All Things Devours is a short work of interactive fiction which I wrote for the 2004 IF Comp. The term interactive fiction (or IF) refers to anything in which you influence the outcome of a story. Thus a novel is not interactive fiction, since you (the reader) have no influence on its outcome, while a computer game such as Myst is interactive fiction since it has a story and you can affect its progress. While the scope of IF is very broad in principle, the term is most commonly applied to text adventure games: an early form of computer game in which you are shown descriptive text and respond with written commands saying what you (or the fictional persona you control) will do next.

All Things Devours is an example of such a text adventure and is more puzzle-based than literary. It is rather like an ornate puzzle box in which a set of simple constraints and goals must be met, but in which it is difficult to see quite how this can be achieved. The game draws on a rather well worn science fiction device, but implements it in what I have been told is a very satisfying and intellectually consistent manner. I intended it to be solvable in a couple of hours and, from what I hear, this is about right.

All Things Devours has attracted quite some interest, with at least 36 reviews floating around on the net. It has also received several awards:

2004 IF Comp: 3rd place (of 36)
2004 Xyzzy Awards: Finalist in the category of Best Use of the Medium
  Finalist in the category of Best Puzzles
  Winner in the category of Best Individual Puzzle
Home of the Underdogs: Top Dog

If you are unfamiliar with interactive fiction, then I would advise you to have a look at this short introduction before trying Devours.

The game is available in online and offline forms. Both forms make use of a single game file, which is called a zcode file (the same format as the classic Infocom games of old). To play the game, the file requires a special program called an interpreter to run it. One easy option is to use an online interpreter. This has the advantage of not requiring any downloading but has the significant disadvantage of not allowing you to save your progress. Perhaps it is a good way to try things out and see if interactive fiction is the type of thing you would like. To play Devours offline, you can download your own interpreter here (or here for a great iOS implementation). Then use it to load the file devours.z5. Please note that this is a revised version that involves several changes to the competition version.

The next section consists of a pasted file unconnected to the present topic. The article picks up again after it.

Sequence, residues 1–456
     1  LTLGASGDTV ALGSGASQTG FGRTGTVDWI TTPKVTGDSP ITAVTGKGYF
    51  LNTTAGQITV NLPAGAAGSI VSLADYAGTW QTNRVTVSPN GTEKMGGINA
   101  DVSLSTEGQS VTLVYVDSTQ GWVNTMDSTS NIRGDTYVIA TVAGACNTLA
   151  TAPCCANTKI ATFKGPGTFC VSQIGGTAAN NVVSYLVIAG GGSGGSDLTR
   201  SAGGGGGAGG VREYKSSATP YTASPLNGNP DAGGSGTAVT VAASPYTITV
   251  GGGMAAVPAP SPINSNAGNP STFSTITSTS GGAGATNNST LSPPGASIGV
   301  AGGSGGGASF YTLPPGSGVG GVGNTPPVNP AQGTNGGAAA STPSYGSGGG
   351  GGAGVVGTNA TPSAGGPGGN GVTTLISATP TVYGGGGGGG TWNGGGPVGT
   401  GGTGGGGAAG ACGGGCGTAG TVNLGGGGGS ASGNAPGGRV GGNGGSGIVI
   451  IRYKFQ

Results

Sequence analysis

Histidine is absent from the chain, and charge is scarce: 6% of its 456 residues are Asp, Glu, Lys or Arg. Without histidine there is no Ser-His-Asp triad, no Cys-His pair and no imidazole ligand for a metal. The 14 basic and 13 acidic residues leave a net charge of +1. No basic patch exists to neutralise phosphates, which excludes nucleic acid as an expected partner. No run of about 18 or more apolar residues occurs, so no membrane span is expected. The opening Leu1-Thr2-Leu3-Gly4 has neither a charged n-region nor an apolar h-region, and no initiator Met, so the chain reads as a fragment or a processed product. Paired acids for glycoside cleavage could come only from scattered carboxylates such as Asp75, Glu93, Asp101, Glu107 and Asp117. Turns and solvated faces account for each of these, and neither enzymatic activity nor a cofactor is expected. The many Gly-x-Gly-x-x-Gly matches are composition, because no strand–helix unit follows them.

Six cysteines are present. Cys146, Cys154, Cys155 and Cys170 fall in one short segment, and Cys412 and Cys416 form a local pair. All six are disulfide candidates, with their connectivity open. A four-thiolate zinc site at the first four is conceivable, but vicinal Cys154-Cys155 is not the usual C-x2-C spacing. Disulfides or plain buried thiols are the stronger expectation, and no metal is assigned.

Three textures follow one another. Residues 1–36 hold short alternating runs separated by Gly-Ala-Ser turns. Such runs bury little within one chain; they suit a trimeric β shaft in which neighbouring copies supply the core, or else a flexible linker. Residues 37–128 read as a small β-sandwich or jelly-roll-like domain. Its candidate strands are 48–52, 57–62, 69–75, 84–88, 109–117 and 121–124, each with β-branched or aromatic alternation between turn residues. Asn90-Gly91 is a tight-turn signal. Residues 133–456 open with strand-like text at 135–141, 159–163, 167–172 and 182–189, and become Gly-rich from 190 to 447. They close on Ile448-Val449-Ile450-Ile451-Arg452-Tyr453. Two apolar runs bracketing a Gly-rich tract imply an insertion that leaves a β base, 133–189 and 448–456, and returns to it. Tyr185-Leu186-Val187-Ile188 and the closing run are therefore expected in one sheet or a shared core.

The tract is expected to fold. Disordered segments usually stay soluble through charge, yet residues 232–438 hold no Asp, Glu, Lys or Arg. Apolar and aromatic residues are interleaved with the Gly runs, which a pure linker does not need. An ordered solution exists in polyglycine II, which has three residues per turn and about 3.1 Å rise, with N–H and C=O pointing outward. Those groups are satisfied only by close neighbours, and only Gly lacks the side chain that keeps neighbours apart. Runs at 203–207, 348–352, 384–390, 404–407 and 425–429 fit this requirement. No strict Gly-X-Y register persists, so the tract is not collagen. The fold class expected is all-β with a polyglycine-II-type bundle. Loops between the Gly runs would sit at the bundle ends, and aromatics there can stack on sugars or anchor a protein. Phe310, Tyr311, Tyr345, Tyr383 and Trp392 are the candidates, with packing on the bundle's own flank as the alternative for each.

If you get stuck at some point in All Things Devours then you can look at some hints that I have provided or even a complete walkthrough. It is more satisfying to solve it yourself though, so do leave it a few days before looking for help.

Finally, if you have played the game to its conclusion, then you may be interested in the challenge. Some of you may also be interested in seeing the source code, or in reading some of the extensive comments and reviews. Also, I have recently (2008) noticed that there are quite a few recent games that share the same theme as Devours, which interested parties may wish to look at. However, do consider playing the game through before trying any of these, as there are spoilers within.